Tiorba forte in a
(Roman Theorbo or “Chitarrone”)

Repertory: all compositions for theorbo of the 17th to 18th century, continuo, music of the 19th to 21st century

14-stringed:  G A B C D E F G A d g b e a

  • String-length fingerboard strings 80 cm, bourdon strings 120 cm
  • (other String-lengths by arrangement)
  • a’ = 415 or 440 Hz
  • Single stringing
  • Slightly curved fingerboard
  • 14 fixed frets (tied-on if desired)
  • Veneer extension inlaid edges
  • Triple rose, 19 ribs
  • Traditional or geared pegs
  • Wood: Rosewood, Maple, Yew
    (recommended for predominant use in continuo: Maple or Rosewood; for solo repertoire also Yew.)

Liuti forti are delivered directly from the manufacturer and are not available from music shops.
If you would like to order a Liuto forte or need advice please send us an email.

If you wish, we can also put you in touch with Liuto-forte players in your area.

The sometimes extreme length of the open bass strings of historical archlutes is due to the fact that at the time of the invention of these instruments there were no bass strings wound with metal. The bare gut or metal strings common at that time had to have a certain length in order not to become too thick and thus sound dull. Since Liuti forti in the bass, however, are all equipped with wound strings, these highly impractical, extreme extensions can be dispensed with in our instruments. In contrast to historical archlutes, Liuti forti with extended bass strings do not show any break in sound at the transition from the fingerboard strings to the bordun strings.


Continuo instruments are in a position to profit especially from the advantages of the Liuto forte soundboard construction. The Tiorba forte is not so large, yet packs power with its 4 to 5.5 kg tension per string which even the much larger historically constructed continuo instruments cannot match, not to mention their airline incompatibility. Not only the reduced string length, but in particular its warm, rich tone also suit the Tiorba forte for the rendition of solo theorbo repertoire.

The theorbo was developed shortly after Alessandro Piccinini’s (1566 – 1639) invention of the arciliuto around 1600 from the great octave bass lute. This was the largest instrument of the 16th century family of lute instruments consisting of descant lutes in b natural or c, alto lutes in g or a, tenor lutes in e, bass lutes in d and octave bass lutes in g, all of which were angled neck lutes. Octave bass lutes had 6-8 choirs and scales between 88 and 94 cm. Their tuning was the same as that of the small alto lutes in g, but an octave lower.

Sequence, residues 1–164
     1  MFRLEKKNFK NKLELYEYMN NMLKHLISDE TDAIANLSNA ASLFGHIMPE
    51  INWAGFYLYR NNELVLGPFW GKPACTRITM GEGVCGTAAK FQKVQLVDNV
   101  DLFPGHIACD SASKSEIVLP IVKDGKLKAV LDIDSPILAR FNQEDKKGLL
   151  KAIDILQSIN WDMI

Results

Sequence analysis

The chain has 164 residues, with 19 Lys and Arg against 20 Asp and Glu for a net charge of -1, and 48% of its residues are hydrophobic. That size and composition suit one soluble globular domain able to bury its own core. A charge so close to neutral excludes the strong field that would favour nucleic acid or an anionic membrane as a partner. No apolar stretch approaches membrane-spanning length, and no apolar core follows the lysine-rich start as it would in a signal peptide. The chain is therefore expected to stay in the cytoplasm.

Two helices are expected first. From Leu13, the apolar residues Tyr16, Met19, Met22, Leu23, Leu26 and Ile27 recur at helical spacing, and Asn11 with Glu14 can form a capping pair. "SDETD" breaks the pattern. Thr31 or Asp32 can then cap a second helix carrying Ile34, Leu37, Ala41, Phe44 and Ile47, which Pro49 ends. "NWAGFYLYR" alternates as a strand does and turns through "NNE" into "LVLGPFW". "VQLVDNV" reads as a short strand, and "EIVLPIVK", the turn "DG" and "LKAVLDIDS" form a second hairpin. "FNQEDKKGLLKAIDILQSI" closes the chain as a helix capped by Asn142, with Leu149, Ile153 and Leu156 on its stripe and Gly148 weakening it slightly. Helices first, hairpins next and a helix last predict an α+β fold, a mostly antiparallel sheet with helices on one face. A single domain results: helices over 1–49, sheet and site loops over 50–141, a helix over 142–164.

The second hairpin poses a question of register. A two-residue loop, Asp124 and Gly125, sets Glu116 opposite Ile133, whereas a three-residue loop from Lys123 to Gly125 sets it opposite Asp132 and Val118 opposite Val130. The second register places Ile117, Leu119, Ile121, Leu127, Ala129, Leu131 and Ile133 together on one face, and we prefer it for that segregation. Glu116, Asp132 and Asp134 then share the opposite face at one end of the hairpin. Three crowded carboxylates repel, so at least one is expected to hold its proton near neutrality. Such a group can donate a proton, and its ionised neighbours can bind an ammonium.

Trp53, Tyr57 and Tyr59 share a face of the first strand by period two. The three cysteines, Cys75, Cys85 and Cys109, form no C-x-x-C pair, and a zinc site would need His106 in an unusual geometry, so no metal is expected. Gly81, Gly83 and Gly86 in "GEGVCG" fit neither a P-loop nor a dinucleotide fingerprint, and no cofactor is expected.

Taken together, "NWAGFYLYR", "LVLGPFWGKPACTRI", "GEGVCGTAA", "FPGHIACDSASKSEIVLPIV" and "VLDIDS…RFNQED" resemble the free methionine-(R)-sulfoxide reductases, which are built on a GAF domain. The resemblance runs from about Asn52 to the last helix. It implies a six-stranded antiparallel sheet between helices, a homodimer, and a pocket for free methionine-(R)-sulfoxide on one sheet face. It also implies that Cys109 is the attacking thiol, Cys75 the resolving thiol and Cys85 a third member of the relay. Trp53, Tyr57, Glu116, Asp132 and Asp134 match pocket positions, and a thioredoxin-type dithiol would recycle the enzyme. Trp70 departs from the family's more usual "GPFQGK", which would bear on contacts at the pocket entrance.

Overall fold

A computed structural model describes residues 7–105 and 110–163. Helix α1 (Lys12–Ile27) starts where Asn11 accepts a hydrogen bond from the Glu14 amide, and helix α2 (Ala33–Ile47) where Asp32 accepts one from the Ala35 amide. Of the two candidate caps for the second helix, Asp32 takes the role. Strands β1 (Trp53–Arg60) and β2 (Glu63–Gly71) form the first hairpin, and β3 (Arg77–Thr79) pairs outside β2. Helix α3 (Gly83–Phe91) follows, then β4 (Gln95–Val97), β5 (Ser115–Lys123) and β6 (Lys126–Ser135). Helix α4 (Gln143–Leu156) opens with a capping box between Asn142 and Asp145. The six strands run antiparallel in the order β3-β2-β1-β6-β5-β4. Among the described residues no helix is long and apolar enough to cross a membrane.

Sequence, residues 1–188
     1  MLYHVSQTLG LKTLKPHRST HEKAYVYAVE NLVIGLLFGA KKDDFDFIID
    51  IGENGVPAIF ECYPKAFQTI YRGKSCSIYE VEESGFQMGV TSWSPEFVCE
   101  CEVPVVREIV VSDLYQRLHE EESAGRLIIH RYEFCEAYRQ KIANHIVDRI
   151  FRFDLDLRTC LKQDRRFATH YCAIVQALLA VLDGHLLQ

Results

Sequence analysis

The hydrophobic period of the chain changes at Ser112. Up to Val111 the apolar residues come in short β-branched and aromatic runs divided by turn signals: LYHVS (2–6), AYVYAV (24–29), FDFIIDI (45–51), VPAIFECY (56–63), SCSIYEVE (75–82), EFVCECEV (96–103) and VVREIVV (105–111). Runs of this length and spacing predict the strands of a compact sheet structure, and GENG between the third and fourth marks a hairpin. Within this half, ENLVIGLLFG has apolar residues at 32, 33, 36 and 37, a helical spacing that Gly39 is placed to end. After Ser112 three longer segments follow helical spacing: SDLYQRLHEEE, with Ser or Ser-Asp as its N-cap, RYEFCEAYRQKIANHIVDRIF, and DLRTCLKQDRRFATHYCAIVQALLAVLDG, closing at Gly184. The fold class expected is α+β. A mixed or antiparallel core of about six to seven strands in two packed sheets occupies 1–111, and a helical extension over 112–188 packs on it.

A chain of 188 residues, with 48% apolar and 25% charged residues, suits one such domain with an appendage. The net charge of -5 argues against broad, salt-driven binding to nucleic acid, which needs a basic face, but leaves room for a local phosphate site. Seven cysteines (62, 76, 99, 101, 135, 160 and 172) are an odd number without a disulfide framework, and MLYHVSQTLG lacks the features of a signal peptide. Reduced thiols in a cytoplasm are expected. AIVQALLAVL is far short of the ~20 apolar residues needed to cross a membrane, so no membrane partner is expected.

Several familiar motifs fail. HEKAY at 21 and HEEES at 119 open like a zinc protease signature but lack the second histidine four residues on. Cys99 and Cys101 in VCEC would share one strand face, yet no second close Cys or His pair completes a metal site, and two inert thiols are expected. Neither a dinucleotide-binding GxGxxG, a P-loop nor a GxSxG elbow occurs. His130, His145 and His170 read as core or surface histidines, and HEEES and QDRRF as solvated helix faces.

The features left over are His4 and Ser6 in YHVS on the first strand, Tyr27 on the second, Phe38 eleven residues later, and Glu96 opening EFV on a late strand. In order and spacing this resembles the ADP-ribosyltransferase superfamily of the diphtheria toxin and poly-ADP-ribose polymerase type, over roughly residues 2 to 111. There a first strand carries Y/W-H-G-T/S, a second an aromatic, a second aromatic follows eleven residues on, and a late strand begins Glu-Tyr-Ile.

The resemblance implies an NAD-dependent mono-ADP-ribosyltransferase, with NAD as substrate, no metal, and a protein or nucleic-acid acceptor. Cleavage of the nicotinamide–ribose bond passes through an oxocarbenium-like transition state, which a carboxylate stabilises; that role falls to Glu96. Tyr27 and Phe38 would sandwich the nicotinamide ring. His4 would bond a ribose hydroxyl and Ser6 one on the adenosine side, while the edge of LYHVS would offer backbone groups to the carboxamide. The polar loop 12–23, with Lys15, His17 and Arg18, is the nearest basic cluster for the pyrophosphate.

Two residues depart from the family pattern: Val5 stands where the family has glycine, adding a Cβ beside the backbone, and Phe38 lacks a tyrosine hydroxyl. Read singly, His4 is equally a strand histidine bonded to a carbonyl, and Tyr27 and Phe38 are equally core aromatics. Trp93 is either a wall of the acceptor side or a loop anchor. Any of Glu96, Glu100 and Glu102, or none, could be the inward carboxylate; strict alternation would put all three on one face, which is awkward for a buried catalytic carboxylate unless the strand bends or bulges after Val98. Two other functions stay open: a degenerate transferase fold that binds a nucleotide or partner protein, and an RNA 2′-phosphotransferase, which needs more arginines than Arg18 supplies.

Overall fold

Due to their enormous air resonance, octave bass lutes were increasingly discovered as accompanying instruments for singers at the beginning of the age of monody. However, since their tuning was clearly too low for this, the idea came up to bring them, despite their enormous string lengths, into the more suitable, higher pitch of the alto lute (in this case A d g b e’ a’), which required a compromise:

Because no string material in the world would have allowed the tones e’ and a’ of the two highest strings of an alto lute in a to be realized on a scale of 88-94 cm, these two strings were simply tuned an octave lower:

A d g b e a

The instrument with 6, 7 or 8 string choirs and without extended bass strings was no longer called the octave bass lute but – probably because of its re-entrant tuning – “chitarrone”, as inventories from the end of the 16th century show.

In the foreword to one of his lute books, Piccinini describes how the attachment of the extension he invented for his Arciliuto with the additional bass strings to the Chitarrone made this originally unpopular accompanying instrument into the spectacular type of lute that soon became famous as “Tiorba” or “Theorbe” and soon enjoyed great popularity.

This instrument – still called the Chitarrone by many – had six double or single strings on the fingerboard and 8 to 10 extended, diatonic tuned basses. His most common tuning was

G’ A’ B’ C D E F G A d g b e a

Not only did it perform excellently as a basso continuo instrument in the orchestra, it was also quickly discovered by the virtuosos, who created a highly attractive solo repertoire for it.

It is always astonishing that the theorbo tuned in A d g b e a does not cause many more guitarists to turn to this instrument in addition to their guitar. Each of its fingerboard strings is already familiar to the guitarist and would open up tempting possibilities beyond the guitar. Even if the handling of the additional eight bass strings and the learning of the basso continuo may take a certain amount of time, this effort is nevertheless extremely rewarding in view of the resulting possibility of participating in performances of important works of the 17th and 18th centuries.

In the 17th and 18th centuries, theorbos were also built in smaller sizes and used in tunings other than the standard tuning given here.

“Sylvius Leopold Weiß, for example, tuned his theorbo as follows:

F’ G’ A’ B-flat’ C D E F G A d f a d’

The tuning of the first five strings was identical to the tuning of the second to sixth strings of his D minor lute. This avoided a fundamental rethinking when he had to switch from one instrument to the other”.


Please note that when recording with Liuti forti, there is no difference between the sound of the instrument in the recording and the sound of the instrument in the original. If you wish, compare the sound of the respective pieces with recordings of the same piece on copies of historical lutes that can be found on the Internet.

Hieronymus Kapsberger
„Preludio e Toccata seconda“
Mauro Pinciaroli, Guitarist, Italy
Tiorba forte in a (440 Hz), Maple, played with nails